We have been under conservatorship, with the Federal Housing Finance Agency (“FHFA”) acting as conservator, since September 6, 2008. As conservator, FHFA succeeded to all rights, titles, powers and privileges of the company, and of any shareholder, officer or director of the company with respect to the company and its assets. The conservator has since delegated specified authorities to our Board of Directors and has delegated to management the authority to conduct our day-to-day operations. Our directors do not have any fiduciary duties to any person or entity except to the conservator and, accordingly, are not obligated to consider the interests of the company, the holders of our equity or debt securities or the holders of Fannie Mae MBS unless specifically directed to do so by the conservator. We describe the rights and powers of the conservator, key provisions of our agreements with the U.S. Department of the Treasury (“Treasury”), and their impact on shareholders in our Annual Report on Form 10-K for the year ended December 31, 2015 (“2015 Form 10-K”) in “Business—Conservatorship and Treasury Agreements.”
You should read this Management’s Discussion and Analysis of Financial Condition and Results of Operations (“MD&A”) in conjunction with our unaudited condensed consolidated financial statements and related notes and the more detailed information in our 2015 Form 10-K.
This report contains forward-looking statements that are based on management’s current expectations and are subject to significant uncertainties and changes in circumstances. Please review “Forward-Looking Statements” for more information on the forward-looking statements in this report. Our actual results may differ materially from those reflected in our forward-looking statements due to a variety of factors including, but not limited to, those discussed in “Risk Factors” and elsewhere in this report and in our 2015 Form 10-K.
You can find a “Glossary of Terms Used in This Report” in the “MD&A” of our 2015 Form 10-K.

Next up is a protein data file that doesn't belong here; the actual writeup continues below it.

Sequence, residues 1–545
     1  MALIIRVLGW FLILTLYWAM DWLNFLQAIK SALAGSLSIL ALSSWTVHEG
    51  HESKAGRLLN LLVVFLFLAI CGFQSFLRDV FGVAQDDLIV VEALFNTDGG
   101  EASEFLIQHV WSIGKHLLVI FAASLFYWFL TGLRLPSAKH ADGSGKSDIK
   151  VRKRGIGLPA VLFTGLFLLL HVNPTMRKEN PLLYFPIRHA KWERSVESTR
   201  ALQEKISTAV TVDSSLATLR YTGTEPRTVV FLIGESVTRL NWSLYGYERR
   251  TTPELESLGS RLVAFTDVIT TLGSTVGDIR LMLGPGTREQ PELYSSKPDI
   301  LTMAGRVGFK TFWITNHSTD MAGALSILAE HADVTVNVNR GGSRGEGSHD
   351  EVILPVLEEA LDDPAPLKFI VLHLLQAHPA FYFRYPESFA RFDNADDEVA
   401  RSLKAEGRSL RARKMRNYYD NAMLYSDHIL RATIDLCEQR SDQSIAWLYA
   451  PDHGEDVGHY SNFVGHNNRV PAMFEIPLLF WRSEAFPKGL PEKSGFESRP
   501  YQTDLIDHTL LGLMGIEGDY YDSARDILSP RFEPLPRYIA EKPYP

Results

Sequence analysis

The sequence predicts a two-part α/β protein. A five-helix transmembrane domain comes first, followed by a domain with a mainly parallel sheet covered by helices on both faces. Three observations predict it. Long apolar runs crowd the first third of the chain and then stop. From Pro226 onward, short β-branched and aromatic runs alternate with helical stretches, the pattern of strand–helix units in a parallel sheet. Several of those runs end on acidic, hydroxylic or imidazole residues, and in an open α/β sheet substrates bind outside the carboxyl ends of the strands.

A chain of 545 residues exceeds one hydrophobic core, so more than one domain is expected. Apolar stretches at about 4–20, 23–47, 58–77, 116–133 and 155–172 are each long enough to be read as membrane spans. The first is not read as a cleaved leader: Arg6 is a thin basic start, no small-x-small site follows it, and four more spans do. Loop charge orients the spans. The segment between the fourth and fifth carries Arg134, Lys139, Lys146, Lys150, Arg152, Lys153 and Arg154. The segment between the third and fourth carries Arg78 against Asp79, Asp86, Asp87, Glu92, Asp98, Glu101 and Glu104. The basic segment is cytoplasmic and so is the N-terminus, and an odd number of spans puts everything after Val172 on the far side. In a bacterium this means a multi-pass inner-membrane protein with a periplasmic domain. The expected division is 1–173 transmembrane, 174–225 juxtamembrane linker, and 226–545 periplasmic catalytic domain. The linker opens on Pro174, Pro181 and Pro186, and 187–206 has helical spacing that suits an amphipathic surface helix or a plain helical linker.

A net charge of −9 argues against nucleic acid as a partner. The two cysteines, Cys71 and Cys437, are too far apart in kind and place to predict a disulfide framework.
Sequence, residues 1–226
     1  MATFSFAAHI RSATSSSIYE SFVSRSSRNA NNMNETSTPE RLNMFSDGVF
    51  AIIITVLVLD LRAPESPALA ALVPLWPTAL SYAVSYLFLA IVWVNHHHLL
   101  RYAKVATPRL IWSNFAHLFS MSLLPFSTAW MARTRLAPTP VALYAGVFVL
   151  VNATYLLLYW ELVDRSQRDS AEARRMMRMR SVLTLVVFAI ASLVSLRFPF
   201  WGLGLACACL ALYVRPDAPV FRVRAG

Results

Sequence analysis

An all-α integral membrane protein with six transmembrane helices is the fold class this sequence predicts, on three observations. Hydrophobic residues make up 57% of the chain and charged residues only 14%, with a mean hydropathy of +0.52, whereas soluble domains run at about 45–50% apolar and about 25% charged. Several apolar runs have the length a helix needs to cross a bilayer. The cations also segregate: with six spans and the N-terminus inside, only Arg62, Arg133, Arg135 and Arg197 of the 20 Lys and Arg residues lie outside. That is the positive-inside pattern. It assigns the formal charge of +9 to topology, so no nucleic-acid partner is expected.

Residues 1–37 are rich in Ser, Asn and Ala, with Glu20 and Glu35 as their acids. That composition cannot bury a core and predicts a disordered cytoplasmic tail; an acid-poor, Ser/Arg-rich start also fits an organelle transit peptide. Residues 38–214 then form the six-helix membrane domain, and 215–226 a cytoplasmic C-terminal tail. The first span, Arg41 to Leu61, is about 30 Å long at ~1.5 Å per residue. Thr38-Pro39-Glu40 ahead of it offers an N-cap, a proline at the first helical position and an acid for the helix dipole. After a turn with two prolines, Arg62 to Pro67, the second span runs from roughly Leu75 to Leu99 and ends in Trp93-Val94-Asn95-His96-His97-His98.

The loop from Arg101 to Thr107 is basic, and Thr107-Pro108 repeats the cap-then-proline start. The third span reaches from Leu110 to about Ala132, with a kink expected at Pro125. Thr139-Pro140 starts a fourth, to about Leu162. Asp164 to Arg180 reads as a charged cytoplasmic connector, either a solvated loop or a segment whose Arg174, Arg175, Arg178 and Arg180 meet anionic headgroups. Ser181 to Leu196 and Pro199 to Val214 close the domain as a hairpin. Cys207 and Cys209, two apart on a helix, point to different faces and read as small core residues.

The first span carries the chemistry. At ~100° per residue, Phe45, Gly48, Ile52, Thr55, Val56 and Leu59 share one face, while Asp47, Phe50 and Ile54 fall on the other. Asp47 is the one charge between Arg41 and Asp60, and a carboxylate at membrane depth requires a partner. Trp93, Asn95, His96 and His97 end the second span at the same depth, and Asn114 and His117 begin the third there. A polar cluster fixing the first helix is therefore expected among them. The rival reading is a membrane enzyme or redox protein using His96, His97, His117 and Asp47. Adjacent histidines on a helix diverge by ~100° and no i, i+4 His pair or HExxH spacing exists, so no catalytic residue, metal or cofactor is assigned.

INTRODUCTION
Fannie Mae is a government-sponsored enterprise (“GSE”) that was chartered by Congress in 1938. We serve an essential role in the functioning of the U.S. housing market and are investing in improvements to the U.S. housing finance system. Our public mission is to support liquidity and stability in the secondary mortgage market, where existing mortgage-related assets are purchased and sold, and to increase the supply of affordable housing. Our charter does not permit us to originate loans or lend money directly to consumers in the primary mortgage market.
Fannie Mae provides reliable, large-scale access to affordable mortgage credit and indirectly enables families to buy, refinance or rent homes. We securitize mortgage loans originated by lenders into Fannie Mae mortgage-backed securities that we guarantee, which we refer to as Fannie Mae MBS. One of our key functions is to evaluate, price and manage the credit risk on the loans and securities that we guarantee. We also purchase mortgage loans and mortgage-related securities, primarily for securitization and sale at a later date. We use the term “acquire” in this report to refer to both our securitizations and our purchases of mortgage-related assets. We obtain funds to support our business activities by issuing a variety of debt securities in the domestic and international capital markets, which attracts global capital to the United States housing market.
We remain in conservatorship and our conservatorship has no specified termination date. We do not know when or how the conservatorship will terminate, what further changes to our business will be made during or following conservatorship, what form we will have and what ownership interest, if any, our current common and preferred stockholders will hold in us after the conservatorship is terminated or whether we will continue to exist following conservatorship. In addition, as a result of our agreements with Treasury and dividend directives from our conservator, we are not permitted to retain our net worth (other than a limited amount that will decrease to zero by 2018), rebuild our capital position or pay dividends or other distributions to stockholders other than Treasury. Our senior preferred stock purchase agreement with Treasury also includes covenants that significantly restrict our business activities. Congress and the Obama Administration continue to consider options for reform of the housing finance system, including the GSEs. We cannot predict the prospects for the enactment, timing or final content of housing finance reform legislation or actions the Administration or FHFA may take with respect to housing finance reform. The conservatorship, the uncertainty of our future, limitations on executive and employee compensation, and negative publicity concerning the GSEs have had and are likely to continue to have an adverse effect on our ability to retain and recruit well-qualified executives and other employees. We provide additional information on the conservatorship, the provisions of our agreements with Treasury, and their impact on our business in our 2015 Form 10-K in “Business—Conservatorship and Treasury Agreements” and “Risk Factors.” We discuss the uncertainty of our future in